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Lights Stroke Harvard To Revere Trophy Win


The eighth annual Head of the Charles Regatta on Sunday provided a mixture of pleasant and not-so-pleasant surprises for Harvard crews: The lightweight shone the heavyweights placed well. Radcliffe was upset, and the combined Harvard effort won the Paul Revere Trophy for the overall championship with a record 432.7 point total.

The race, the largest one-day rowing regatta in the world, is traditionally a low-key affair for its entrants, but still provides interesting indications of the strength of competition for this spring. Harvard's sole first place of the day came late in the afternoon from a lightweight four, in a boat stroked by Rick Grogan and including captain Andy "Hot Rats" Narva. George Host and Todd Howard. Coxswain Paul Chessin said the race went ideally with no sag in the power.

The Crimson four edged Princeton's four strongest rowers to win the race, in which the second Harvard entry, stroked by Peter Huntsman, took fourth.

A lightweight eight stroked by Jerry Boak and including sophomore oarsmen Roger Bohn, Bob Pinkas and Rich Packeaham rowed well to take a seventh place in an event including most school's first lightweight boats.

The crew beat first-boat entries from Yale and Rutgers and were right on the tails of boats from Columbia. MIT and the Coast Guard is an event won in record time by the Potomac Boat Club entry.

Coach Harry Parker termed the heavyweight showing a "good performance in a traditionally low-key affair," as a pair stroked by Ed Woodhouse followed by his former Kent schoolmate Mike Beach placed fourth behind crows from Dartmouth, Cornell and Mercantile Rowing Club.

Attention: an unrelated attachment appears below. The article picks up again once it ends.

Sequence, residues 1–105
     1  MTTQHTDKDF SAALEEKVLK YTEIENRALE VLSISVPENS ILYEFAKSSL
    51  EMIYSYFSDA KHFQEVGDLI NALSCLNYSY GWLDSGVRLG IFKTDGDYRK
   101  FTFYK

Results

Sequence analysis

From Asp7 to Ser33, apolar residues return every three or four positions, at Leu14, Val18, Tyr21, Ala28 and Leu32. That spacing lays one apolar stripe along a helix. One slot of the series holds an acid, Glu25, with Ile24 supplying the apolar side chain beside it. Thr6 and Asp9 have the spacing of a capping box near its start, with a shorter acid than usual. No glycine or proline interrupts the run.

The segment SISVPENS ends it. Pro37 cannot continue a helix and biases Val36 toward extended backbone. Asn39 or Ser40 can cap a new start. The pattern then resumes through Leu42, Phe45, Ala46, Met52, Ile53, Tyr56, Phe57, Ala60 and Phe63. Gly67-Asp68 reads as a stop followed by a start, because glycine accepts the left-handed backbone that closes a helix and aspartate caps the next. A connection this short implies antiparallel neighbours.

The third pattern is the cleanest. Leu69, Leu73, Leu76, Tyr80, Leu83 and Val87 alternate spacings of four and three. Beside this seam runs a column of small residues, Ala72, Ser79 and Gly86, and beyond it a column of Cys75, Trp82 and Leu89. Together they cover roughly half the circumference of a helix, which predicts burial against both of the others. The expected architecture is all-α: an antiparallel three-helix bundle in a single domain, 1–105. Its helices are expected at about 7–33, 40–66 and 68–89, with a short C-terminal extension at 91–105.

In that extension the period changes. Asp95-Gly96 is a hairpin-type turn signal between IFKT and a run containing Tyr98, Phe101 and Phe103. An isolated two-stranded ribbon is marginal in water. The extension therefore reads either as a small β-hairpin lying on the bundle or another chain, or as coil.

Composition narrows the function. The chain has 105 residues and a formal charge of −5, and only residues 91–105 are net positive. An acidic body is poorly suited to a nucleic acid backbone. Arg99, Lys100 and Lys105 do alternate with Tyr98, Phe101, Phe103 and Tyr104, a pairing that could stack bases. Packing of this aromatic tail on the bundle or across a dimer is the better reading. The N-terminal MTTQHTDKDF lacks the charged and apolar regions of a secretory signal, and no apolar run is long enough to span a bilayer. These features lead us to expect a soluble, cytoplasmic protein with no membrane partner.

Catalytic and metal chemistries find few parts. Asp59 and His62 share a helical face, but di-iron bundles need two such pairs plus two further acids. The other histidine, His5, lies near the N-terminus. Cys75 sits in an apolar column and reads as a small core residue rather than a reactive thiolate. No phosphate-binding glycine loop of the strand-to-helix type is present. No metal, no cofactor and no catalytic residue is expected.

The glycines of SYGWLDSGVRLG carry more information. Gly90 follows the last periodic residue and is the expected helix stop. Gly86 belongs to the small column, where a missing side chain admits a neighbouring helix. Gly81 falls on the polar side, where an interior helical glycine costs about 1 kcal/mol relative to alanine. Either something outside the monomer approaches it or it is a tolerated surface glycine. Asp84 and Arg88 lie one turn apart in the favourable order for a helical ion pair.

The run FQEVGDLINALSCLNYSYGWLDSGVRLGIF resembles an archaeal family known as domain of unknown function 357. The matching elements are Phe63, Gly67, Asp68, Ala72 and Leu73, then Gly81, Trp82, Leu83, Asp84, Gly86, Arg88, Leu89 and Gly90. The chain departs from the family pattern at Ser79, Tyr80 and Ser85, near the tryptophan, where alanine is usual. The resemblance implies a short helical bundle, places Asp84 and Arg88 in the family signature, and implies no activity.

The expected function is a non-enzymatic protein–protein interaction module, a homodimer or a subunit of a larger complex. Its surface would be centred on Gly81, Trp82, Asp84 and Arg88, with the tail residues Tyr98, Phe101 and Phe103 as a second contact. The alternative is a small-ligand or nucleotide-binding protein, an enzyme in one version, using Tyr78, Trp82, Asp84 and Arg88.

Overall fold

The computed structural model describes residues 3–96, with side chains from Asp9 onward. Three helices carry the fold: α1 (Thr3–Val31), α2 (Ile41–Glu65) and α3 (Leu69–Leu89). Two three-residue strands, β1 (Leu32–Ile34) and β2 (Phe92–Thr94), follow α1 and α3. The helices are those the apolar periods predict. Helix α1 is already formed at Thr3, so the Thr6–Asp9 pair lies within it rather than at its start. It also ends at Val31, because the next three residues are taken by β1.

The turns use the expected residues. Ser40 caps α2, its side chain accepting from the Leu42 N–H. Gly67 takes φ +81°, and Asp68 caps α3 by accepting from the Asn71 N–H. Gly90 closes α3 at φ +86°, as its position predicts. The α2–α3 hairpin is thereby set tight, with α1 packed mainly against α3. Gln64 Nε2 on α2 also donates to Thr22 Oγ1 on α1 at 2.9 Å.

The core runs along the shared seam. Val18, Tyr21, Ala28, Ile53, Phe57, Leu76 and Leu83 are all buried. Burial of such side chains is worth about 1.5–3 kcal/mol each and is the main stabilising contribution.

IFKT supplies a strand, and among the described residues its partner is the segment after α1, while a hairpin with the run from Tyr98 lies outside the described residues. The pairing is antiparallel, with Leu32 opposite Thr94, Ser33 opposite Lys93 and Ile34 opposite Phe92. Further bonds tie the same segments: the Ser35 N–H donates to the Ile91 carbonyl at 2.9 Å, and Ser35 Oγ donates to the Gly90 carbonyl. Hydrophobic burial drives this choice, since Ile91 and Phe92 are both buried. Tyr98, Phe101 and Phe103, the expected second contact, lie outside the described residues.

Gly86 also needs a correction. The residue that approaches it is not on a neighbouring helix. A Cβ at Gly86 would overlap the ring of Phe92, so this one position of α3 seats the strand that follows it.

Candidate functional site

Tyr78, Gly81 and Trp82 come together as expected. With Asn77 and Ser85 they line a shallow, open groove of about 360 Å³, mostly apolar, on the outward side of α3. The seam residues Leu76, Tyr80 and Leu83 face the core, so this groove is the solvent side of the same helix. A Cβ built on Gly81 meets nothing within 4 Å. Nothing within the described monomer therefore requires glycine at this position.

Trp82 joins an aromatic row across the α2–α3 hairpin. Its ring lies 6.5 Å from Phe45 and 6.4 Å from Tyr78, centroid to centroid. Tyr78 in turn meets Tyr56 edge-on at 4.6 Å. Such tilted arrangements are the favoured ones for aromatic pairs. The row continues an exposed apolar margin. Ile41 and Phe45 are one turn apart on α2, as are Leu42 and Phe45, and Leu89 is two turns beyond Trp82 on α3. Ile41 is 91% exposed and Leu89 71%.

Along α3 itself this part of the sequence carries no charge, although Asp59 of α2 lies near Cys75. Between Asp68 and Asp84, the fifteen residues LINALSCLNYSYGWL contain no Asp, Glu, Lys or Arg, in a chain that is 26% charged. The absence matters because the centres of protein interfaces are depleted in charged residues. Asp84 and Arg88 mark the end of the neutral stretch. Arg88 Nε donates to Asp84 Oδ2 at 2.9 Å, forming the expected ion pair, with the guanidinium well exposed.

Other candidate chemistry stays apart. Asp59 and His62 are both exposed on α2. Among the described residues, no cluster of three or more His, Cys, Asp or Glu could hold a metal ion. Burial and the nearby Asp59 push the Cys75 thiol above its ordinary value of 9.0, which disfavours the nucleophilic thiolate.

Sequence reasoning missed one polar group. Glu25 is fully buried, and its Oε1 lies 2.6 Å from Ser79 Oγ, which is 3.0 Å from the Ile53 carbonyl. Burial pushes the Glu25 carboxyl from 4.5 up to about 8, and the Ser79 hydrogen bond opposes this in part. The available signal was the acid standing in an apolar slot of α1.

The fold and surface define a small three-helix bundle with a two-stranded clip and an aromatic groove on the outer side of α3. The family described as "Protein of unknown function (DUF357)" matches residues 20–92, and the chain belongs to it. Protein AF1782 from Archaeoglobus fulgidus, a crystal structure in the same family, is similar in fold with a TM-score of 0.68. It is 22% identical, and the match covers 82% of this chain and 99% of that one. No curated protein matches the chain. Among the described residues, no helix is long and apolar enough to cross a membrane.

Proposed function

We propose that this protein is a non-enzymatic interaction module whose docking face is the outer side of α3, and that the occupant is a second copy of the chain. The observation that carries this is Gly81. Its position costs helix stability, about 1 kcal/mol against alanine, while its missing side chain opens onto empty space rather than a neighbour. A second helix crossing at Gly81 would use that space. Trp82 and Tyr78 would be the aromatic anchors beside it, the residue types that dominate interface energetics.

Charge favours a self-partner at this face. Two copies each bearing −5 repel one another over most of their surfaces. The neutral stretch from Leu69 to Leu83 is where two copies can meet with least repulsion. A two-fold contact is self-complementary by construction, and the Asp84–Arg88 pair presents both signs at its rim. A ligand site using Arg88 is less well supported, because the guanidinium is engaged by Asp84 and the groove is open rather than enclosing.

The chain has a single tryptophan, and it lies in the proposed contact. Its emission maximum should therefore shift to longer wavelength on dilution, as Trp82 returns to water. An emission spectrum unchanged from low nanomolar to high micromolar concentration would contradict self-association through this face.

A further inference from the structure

In addition, a Crimson four including three of last year's Henley-winning freshman crew--Tiff Wood, Blair Brooks and Greg Stone--placed third, only four seconds off the winning pace of the Potomac Boat Club in the Elite Fours.

Crimson heavyweights placed fourth and seventh in the elite eight competition that saw the silver-medalist Olympic eight come in third behind Wisconsin and Northeasters.

Parker, who coached the Olympic team, said he was not surprised by the performance of the Olympians. He pointed out that they had not rowed since Munich and their experience shows "why we practice every day at Harvard."

Mike Livingston, who rowed number two in the boat, said that "we just thought rowing in such an uncompetitive event would be a fun way to end our careers."

The first-seeded Radcliffe crew came in fourth behind Vesper, Wisconsin and MIT. Charlotte Crane, Radcliffe stroke, said that she was disappointed but also said she felt Radcliffe could have done better if they had not been seeded first and could have viewed the competition more clearly.

Kirkland House finished 22nd in the intermediate eights competitions, pacing a House effort that included a 24th by Mather, a 28th by Winthrop, and a 30th by an Eliot House crew that never officially began the race as they missed the starting gate.

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